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  • Response to Tunstall, Chicka, and Raposaw
  • Roger Ward

i am deeply grateful to aaron and the three scholars who have taken upon themselves the task of reading and responding to my book Peirce and Religion. Their assessments, in a general way, are a variety of the same criticism concerning my argument about Peirce’s Christianity. My intention here is to address this general point, consider some particular comments from each of the respondents, and offer a re-direction at the end.

I take it as success to have evoked the response from each of these scholars. Tunstall brings forward the question of whether I have left philosophy altogether when presenting an apology of sorts for Trinitarian Christianity in the guise of assessing Peirce’s religion. The worry is that an analysis such as this switches loyalty from pursuing the truth, either the truth of an account of Peirce’s thought, or the truth of philosophy, for the partisan service of a particular tribe or brand of religion. After all, Peirce was rather ambiguous about his own commitments to Christianity, and there is a whiff of special pleading in the presentation and analysis collected in this book. Chicka also finds the reliance on a traditionally described Trinitarian Christianity problematic. From his perspective, the orientation of the book eschews the speculative possibilities based on a religious exploration of Peirce and returns attention to parochial forms of religious thought that cut off the obvious goods of the projects of Robert Neville and Robert Corrington. Why would I propose to return to a basic or base version of Christianity and challenge the speculative ground of these developments? Raposa also finds the emphasis on Peirce’s orthodoxy as a Christian too far afield. Here, the concern is not that I have missed the historical features of Peirce’s own religious development, but that I have followed it with a set of background assumptions concerning its form and placed Peirce in too tight agreement with the community and tradition in which he practiced or understood his faith. [End Page 127]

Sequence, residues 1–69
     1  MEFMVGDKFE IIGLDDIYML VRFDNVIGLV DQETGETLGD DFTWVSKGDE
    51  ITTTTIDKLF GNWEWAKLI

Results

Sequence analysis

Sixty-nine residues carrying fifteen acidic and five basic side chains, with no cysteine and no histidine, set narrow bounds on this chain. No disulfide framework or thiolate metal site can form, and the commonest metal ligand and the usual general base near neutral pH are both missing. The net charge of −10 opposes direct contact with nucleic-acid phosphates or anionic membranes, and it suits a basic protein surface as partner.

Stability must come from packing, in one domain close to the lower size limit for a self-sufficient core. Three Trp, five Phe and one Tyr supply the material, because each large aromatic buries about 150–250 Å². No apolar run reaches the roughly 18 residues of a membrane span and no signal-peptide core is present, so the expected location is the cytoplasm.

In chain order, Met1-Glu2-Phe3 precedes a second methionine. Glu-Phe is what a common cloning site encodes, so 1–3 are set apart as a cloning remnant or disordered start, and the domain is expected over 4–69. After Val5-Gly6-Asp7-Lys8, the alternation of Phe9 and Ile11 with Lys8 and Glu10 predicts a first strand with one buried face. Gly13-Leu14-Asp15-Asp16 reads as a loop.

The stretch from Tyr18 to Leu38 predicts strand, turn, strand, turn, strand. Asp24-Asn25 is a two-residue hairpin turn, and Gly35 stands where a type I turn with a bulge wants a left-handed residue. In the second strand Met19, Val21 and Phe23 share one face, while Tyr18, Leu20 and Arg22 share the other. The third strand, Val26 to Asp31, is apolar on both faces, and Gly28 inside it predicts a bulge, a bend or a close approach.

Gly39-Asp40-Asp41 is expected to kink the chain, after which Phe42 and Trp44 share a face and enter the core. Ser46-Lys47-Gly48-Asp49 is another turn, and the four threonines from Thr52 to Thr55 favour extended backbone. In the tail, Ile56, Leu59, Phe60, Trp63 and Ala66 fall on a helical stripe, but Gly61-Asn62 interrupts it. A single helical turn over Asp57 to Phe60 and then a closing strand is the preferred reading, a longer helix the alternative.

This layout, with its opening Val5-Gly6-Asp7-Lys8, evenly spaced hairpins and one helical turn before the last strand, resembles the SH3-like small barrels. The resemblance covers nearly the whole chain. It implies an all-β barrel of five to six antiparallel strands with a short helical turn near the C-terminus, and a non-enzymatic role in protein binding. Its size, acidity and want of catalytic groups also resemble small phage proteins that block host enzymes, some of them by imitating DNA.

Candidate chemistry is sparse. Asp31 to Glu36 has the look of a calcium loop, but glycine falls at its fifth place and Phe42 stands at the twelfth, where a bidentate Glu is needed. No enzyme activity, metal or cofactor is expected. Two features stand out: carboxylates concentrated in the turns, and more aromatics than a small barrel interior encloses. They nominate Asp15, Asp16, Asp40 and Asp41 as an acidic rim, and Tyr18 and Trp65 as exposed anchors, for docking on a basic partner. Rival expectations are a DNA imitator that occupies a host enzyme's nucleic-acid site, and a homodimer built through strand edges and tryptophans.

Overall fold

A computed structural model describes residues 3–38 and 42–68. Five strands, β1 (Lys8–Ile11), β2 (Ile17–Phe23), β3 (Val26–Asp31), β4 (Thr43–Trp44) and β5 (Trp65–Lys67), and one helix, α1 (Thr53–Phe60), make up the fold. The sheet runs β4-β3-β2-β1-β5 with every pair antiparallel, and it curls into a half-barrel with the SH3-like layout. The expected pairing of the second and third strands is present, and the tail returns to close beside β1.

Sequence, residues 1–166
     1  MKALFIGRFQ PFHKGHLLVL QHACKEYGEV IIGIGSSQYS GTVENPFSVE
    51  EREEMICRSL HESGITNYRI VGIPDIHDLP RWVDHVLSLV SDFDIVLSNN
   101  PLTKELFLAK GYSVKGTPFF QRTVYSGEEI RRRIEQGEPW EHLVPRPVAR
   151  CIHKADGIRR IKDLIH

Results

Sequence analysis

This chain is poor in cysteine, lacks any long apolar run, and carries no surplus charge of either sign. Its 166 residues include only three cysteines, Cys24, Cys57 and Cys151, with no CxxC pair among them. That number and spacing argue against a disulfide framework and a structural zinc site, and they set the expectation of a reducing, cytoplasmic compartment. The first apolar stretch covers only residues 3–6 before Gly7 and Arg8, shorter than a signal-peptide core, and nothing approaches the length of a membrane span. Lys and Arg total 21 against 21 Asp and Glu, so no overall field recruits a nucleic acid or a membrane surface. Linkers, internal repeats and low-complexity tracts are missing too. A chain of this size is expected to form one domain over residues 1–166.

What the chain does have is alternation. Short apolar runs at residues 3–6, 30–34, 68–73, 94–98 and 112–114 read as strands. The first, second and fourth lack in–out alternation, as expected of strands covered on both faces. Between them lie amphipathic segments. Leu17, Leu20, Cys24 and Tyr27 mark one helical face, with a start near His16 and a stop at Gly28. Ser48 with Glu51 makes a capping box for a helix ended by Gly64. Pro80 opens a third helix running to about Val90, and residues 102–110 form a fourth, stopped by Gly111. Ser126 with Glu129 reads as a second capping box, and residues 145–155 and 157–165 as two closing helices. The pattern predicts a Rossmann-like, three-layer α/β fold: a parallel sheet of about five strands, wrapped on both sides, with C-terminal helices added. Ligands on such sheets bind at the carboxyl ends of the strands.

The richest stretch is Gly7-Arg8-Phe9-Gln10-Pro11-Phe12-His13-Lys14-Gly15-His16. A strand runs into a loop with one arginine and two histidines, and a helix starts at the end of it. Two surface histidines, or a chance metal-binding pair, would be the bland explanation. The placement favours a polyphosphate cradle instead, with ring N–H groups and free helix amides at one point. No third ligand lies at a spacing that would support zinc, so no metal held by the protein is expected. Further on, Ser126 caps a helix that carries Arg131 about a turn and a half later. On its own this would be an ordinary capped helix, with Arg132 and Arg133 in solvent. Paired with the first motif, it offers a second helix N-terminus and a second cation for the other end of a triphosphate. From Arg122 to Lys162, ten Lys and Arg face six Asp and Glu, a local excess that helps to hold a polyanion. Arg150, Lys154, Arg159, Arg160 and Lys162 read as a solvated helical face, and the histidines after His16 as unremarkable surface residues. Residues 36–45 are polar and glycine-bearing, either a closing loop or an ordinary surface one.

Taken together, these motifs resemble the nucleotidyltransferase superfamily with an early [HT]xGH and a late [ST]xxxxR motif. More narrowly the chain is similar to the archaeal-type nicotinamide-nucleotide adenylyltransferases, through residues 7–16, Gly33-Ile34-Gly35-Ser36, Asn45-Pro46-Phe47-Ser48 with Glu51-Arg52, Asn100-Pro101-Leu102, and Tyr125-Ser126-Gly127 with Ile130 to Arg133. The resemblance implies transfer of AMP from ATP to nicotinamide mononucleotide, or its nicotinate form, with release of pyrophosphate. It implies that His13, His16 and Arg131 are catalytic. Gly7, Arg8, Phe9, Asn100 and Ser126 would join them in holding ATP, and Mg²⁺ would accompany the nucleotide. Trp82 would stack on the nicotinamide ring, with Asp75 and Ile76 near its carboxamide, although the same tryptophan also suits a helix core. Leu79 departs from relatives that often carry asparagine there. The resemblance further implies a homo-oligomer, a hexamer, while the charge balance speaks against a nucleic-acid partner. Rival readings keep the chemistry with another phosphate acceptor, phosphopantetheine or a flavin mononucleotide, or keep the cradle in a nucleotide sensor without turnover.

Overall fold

Each critique has obvious merit, and I anticipated, well more than that, I baited each of these concerns about what I was doing with Peirce. And, finally, there are some people here I can explain myself to! Thanks and thanks!! Let me start with the “too Christian and not enough philosophy” account. Yes, absolutely this is correct. Even when I first began reading Peirce and his biblical allusions and theological references began to stand together in clumps, I was aware that the philosophers in the library and in the class at Baylor were reluctant to hold him to anything as mundane as a Christian standard. And these were Christian philosophers. Good Baptists even, if there is such a thing. I sensed that their hope in Peirce was a way of escaping the wooden form of Christian doctrine. An Obama-esque way out of the specific beliefs or claims and into the less problematic and hence freer domains of religious speculation and growth. This was my hope, too, and I embraced it wholeheartedly shunning the worries of Christology, soteriology, and the authority of divine self-revelation. That worked until I read Peirce holistically and longitudinally. As much as I followed a naturalized religious path into Peirce, he kept bringing me back to church, and communion, and prayer as a heartfelt appeal for the approbation from the Master. There is religious argument in Peirce separate from Christianity, but there is no separation from Christianity in Peirce. When he rejects religion, it is Christianity he rejects. When he has a religious experience in 1892, it is in an Episcopal church with the Eucharist at the command of the Master. Peirce brought me to church in order to understand his philosophy, and I determined that without getting that part right, of his life in relation to Christ and the church, I wasn’t really going to get his philosophy either. At least not as completely as I could. So I set myself a new hermeneutic standard to take Peirce as seriously as a Christian as he took himself, as far as I could with the limited texts and facts available...


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pp. 127-130
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